Foster praised Spiller’s growth entering Year 2 and with new offensive coordinator Kellen Moore now in the mix, training camp and the preseason will be a big chance for Spiller to possibly carve out a role for himself on offense.
"Mentally, he's sharp, got a really good character about himself," Foster said of Spiller. "His attitude is always positive and he has this quiet demeanor sometimes where he won't say a whole lot, but you get around him, get to know him, he'll open up a little bit and he's a different person.
"He's a competitor, he wants to compete, he really wants to be better. Just because he's standing over there quiet doesn't mean he's this non-competitive type of person," Foster added. "No, he hates when he messes up, he wants to correct those mistakes, he wants to get better. I can just see him continue to grow at this level."
Take a look back at the Chargers Mini-Camp 2023 in monochrome
Key question: Who will be running back No. 2?
Ekeler's massive production as the lead back grabs all the headlines for this room, and rightfully so.
But one of the biggest storylines heading into training camp will be who will grab the role as the second running back behind him, as it can be another layer to having an explosive offense under Moore.
Moore's offenses have had success running the ball with multiple running backs that can contribute at a high level. Having depth at the position is like any other according to Moore, who spoke about the importance of finding the second running back.
"Like a lot of positions, we're going to need depth," Moore said in late May. "You're going to need a lot of different guys to contribute through a season.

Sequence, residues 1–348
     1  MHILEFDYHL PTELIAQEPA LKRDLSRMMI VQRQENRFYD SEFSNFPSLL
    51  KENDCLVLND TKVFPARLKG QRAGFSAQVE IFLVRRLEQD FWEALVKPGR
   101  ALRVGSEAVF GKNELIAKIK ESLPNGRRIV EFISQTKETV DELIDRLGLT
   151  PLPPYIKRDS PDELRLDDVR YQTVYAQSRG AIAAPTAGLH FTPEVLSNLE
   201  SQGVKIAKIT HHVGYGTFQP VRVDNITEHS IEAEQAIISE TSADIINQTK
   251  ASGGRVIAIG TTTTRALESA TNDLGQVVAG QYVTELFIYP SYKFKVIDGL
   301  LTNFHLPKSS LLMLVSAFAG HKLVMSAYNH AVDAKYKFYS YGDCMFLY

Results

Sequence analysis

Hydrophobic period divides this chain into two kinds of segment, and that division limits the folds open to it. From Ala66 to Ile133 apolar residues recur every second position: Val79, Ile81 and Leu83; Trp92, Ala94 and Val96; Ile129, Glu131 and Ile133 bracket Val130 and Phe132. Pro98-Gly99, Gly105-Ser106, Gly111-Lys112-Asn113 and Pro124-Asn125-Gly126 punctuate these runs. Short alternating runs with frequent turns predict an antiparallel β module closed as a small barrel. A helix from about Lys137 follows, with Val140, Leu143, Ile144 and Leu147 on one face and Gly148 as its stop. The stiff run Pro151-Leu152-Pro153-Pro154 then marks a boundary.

"These seasons are really, really long — 18 weeks in the regular season, and then the playoffs, preseason, all of the things can add up," Moore added. "We are going to need other guys to contribute."
Kelley assumed the role in 2022 and put up a solid season as the second running back, amassing 388 yards from scrimmage and two touchdowns in 13 games. His explosiveness and frame helped the Bolts in some short yardage and goal line situations, which is from where he punched in both scores last season.
The competition will be high when training camp rolls around once again, like it was in 2022, as Spiller will also be vying for a slot behind Ekeler. While Spiller did not have a big rookie year, a big second year leap can make him a candidate to compete for the No. 2 spot.
Rountree has seen his share of snaps in his first two seasons on the Chargers, and his performance in training camp and the preseason will be his chance to try and get a role in Moore's offense.
Whether it be Kelley, Spiller or Rountree, the opportunities will be there for one of them to take hold of come training camp and the preseason — and it will be a competitive battle.
"We're really excited about the other guys that are in that room, particularly in the running back room, just to give them these opportunities throughout the training camp process, the preseason process, and then we'll figure out how the roles all get distributed," Moore said.